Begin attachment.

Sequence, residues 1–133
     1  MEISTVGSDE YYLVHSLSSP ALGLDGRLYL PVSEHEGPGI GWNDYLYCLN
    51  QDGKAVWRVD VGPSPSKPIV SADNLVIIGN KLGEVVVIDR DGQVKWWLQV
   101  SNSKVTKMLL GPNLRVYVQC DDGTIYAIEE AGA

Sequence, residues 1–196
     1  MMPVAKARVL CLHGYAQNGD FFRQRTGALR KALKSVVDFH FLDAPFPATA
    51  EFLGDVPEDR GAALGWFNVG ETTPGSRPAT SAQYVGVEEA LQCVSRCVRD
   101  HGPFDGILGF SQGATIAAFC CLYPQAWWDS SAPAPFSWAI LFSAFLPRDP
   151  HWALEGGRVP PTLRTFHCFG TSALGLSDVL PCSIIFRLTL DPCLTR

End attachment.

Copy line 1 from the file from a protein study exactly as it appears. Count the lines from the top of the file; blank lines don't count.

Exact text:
Sequence, residues 1–133